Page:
Author Life,  Short Stories,  Where It All Went Wrong

Where It All Went Wrong | 6

The men stayed close to Lucy the entire way. She still didn’t know where they were going, but Sullivan had called it the village. She just wasn’t sure if he was being literal or not.

The sun had started to disappear. The trees got closer, their branches and leaves entangling with each other. The path narrowed, too, pushing the men even closer to Lucy.

Her heart started to pound.

The trees lined up like a fence and they were about to go through an opening she wasn’t even sure Wesley would fit through.

He did.

It was dark, almost pitch black, on the other side and it wasn’t until a few minutes had passed that Lucy could see again.

Sullivan stepped in front of her to lead, while Wesley stayed at the back. She was sandwiched between them again. Sullivan pushed away some brush that blocked their path.

It revealed a village.

An actual village.

The sun was shining down and a handful of kids ran by giggling and flailing their arms. Men and women were out and about, walking, running, gardening. It was quieter than Lucy would have thought, only a soft murmur of voices blended together as they walked through the dirt street.

Houses were more like shacks that protected from the rain and wind. Each seemed to come with an outhouse.

Lucy felt like she was sent back in time.

“Here,” Sullivan interrupted her curious thoughts. He gestured towards a screen door. It was on a house that sat at the end of the so-called street.

Her eyes flitted back and forth. She had been so taken back by the village so had neglected to find a way out and now the only direction she could go was inside the house.

With a glare and a sigh, Lucy pushed through the door. She was greeted by clanking of dishes in a small kitchen, at least that’s what she assumed it was. It was really only a sink and fridge.

A man stood washing dishes in the sink while a woman sat at a small table. They looked similar in age to her parents.

“Piper.” Sullivan moved to hug the woman.

Lucy stepped aside and found that Wesley was still outside, guarding the door. There was no way she was getting out, though at this point, she was pretty sure she’d get lost even if she did.

The three others were now conversing in the corner, which was only a few feet away. Lucy wrapped her arms around her, unsure of what to do or how to act.

“Ms. Lexington,” the older man stepped forward, “it’s nice to meet you. My name is Enzo.” He held his hand out.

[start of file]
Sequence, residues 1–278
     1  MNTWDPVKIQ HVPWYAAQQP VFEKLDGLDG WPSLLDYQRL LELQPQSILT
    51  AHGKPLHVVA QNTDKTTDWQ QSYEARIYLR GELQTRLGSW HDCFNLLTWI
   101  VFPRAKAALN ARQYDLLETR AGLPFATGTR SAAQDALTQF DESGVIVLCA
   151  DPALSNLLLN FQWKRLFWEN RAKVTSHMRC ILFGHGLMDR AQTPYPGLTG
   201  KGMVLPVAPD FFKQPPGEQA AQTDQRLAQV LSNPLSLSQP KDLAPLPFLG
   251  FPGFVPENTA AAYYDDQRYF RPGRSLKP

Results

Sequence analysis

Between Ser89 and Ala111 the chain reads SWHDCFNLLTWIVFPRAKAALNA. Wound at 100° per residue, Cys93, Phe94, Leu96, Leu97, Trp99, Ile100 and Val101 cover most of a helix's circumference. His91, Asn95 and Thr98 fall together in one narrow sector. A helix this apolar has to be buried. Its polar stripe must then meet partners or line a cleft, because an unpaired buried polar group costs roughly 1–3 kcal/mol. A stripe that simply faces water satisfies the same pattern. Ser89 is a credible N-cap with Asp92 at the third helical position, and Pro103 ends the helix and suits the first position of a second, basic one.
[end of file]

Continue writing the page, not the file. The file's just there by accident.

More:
Lucy eyed it, but decided a simple handshake wouldn’t hurt. She even tried to smile. It was debatable if it worked.

The woman came up next and grabbed her hand in both of hers. “You can call me Piper,” she said, looking straight into Lucy’s eyes. “I’m glad you came, Lucy.”

She was able to crack a grin at that, albeit sarcastic. “Like I had a choice,” she muttered.

With a knowing smile, Piper glanced back. “Sully likes to keep things mysterious and,” she paused and looked back at Lucy, “intense.”

Her voice was warm, truly mother-like, and despite the insane and probably dangerous situation Lucy was in, she felt comfortable.

It scared her.

“Why am I here?” she questioned.

Piper squeezed her hand and stepped back with Enzo. Sullivan stood off to the side.

“The book, I’m sure Sully mentioned that at least,” Piper waited for confirmation and Lucy slowly nodded, “it is very important we find it. Since you are here instead of the book, I’m assuming the WDS have it.”

“WDS?”

“White dressed suits, terribly unoriginal, but they are not known for their creativity,” Piper continued.

She nodded again. “One came into my shop. He had a knife. I just kicked the book to him. I didn’t know,” Lucy babbled, crossing her arms over her chest.

“It’s okay, dear. We will just work to get it back. You will help.”

Lucy focused on her breathing, trying to remain calm, and glanced at the three people in front of her. They all held a slight layer of dirt over their skin. They were all calm and they were all serious.

“Why?”

Enzo grinned. “The book is a very important piece for history. Our history and your history.”

“What’s it have to do with me, though? I just found it.” Lucy tried to hold in her frustration.

“The book, Lucy,” he stared her straight in the eyes, “you wrote it.”


Chapters will start to get longer from now on! Thanks for reading!

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